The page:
Jonathan Drake is a newcomer to rowing having lead a life teaching Alexander and Tai Chi – and this gives him an unique perspective on rowing technique. What can we learn from “normal” body movement which can improve our rowing and sculling?
Try this exercise for identifying “Sway Back”
Standing, notice what happens when you let your abdominal muscles go floppy: the pelvis moves forward – pulling your body weight onto the front of your feet – and your leg muscles tighten. This “sway-back” posture – let’s call it the “male pee position” so we can identify the offence! – is how many of us stand, unwittingly, often with weight more shifted into one leg, twisting the back. You are pressing downin your hips and your lower back. Here’s how to begin altering this stance:
First, to feel what’s going on, place the back of one hand against what is often called the “small!” of the back, with your little finger resting on the tailbone, thumb higher up on the spine.
While gazing into the distance, invite this sense of “up” along the spine as I described earlier and pull in the belly button – by a fraction of an inch – towards the backbone. As the deep abdominal muscles engage or activate (avoid tightening the more superficial, higher, “six pack” muscles) – and your weight shifts back towards the heels – the pelvis and the lower back will be drawn backwards a little as well. This is quite a subtle experience: can you register your thumb lifting a little, your tailbone moving back towards your heels? The word “small” no longer applies to a lower back that is now more expanded, longer and wider and you may find you breathe more easily. You are now experiencing some “up” out of your hips.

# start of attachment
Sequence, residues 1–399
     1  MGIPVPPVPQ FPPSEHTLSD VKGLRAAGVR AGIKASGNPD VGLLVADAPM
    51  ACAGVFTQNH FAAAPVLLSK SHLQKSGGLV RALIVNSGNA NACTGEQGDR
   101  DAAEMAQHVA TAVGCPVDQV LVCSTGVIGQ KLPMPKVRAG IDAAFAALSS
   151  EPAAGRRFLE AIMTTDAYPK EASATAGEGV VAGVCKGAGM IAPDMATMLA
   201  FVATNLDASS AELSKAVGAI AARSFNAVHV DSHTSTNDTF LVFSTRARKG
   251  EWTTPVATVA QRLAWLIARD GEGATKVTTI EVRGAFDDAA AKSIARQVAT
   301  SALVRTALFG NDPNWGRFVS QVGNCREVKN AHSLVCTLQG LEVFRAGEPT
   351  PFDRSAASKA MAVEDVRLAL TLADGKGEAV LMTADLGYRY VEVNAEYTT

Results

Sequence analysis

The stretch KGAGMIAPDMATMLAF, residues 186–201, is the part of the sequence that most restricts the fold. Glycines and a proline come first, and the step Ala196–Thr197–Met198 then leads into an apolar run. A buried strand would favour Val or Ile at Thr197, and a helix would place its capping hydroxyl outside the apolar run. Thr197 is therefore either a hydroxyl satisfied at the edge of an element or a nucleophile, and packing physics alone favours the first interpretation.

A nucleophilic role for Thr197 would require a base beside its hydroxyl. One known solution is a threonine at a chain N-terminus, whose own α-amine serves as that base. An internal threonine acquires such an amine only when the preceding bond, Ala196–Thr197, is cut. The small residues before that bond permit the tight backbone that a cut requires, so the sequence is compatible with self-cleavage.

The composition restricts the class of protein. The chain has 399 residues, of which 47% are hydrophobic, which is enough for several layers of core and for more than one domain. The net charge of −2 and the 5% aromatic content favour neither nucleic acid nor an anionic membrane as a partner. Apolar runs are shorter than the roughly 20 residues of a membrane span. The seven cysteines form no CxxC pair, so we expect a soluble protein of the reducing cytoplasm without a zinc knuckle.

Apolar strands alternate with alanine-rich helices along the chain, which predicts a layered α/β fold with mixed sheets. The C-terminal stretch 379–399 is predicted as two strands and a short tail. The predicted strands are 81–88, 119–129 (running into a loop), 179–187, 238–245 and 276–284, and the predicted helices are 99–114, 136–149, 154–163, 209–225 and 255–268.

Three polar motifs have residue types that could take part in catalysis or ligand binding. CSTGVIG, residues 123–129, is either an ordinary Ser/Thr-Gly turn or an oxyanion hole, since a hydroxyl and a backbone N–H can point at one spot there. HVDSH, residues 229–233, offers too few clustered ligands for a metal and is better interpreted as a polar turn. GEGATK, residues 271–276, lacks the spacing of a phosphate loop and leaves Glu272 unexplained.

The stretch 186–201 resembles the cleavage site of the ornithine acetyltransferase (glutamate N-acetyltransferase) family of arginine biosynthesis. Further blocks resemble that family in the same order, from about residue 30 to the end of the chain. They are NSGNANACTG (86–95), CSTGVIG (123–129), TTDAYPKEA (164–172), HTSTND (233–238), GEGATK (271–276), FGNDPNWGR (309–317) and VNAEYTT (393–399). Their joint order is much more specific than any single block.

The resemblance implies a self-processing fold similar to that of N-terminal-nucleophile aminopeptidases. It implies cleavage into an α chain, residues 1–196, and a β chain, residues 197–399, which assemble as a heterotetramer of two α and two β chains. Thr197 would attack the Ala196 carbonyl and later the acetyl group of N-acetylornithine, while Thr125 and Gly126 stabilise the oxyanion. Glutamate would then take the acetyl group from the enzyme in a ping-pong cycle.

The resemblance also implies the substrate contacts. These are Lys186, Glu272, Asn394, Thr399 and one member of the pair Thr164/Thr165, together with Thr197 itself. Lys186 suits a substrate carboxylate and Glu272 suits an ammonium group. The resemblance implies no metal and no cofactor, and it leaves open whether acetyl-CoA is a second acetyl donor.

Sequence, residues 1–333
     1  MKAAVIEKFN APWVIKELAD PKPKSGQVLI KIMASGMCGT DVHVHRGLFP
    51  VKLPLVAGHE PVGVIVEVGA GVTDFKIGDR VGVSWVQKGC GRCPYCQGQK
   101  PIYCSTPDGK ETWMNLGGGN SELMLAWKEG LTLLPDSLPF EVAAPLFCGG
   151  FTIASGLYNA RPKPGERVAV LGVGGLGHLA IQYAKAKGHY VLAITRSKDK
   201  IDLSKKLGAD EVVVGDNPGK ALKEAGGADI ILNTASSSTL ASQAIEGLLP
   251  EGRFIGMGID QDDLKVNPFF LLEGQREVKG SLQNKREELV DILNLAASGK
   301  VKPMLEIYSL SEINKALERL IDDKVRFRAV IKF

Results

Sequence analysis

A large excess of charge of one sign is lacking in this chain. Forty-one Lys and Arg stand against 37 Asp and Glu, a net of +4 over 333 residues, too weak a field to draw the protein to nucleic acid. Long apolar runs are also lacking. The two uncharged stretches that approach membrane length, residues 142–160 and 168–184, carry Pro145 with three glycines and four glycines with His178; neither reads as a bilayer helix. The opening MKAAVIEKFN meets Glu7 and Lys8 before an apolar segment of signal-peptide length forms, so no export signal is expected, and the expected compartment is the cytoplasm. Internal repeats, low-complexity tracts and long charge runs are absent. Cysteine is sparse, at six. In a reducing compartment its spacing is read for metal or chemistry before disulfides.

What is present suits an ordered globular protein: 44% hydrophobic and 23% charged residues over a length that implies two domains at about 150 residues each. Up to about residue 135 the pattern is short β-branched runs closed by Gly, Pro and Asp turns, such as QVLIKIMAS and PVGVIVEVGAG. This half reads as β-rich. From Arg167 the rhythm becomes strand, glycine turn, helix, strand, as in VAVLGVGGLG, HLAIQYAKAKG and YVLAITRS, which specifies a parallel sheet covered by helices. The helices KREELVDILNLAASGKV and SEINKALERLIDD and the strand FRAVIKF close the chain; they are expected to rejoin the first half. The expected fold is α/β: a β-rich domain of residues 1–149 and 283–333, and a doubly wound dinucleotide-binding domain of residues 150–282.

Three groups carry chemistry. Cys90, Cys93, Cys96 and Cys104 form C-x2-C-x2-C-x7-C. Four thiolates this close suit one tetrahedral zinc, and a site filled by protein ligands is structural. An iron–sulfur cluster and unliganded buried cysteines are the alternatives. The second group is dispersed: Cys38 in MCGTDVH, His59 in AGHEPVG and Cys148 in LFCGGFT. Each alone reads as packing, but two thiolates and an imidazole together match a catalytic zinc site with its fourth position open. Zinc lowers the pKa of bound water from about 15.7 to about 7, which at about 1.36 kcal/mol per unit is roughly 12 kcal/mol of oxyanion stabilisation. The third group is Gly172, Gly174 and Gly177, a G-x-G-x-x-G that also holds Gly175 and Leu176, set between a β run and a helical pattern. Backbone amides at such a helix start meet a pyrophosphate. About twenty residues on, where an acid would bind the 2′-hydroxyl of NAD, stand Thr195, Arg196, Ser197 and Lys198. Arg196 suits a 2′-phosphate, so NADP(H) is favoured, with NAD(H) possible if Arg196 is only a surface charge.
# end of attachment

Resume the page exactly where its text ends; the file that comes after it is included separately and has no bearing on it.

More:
Glance in that mirror and you may be able to see that you are standing more vertically – even though it might feelthat you are leaning forward, somewhat – and that you are sticking your butt out!
What you will probably also observe is your behind behindand your back back! Notice the angle across the top of your pelvis with your improved stance: that it is not horizontal but tipped slightly forward. This will be more so in women.
The next exercise he describes is how to “Rock Over” this is Chapter 2 of the booklet.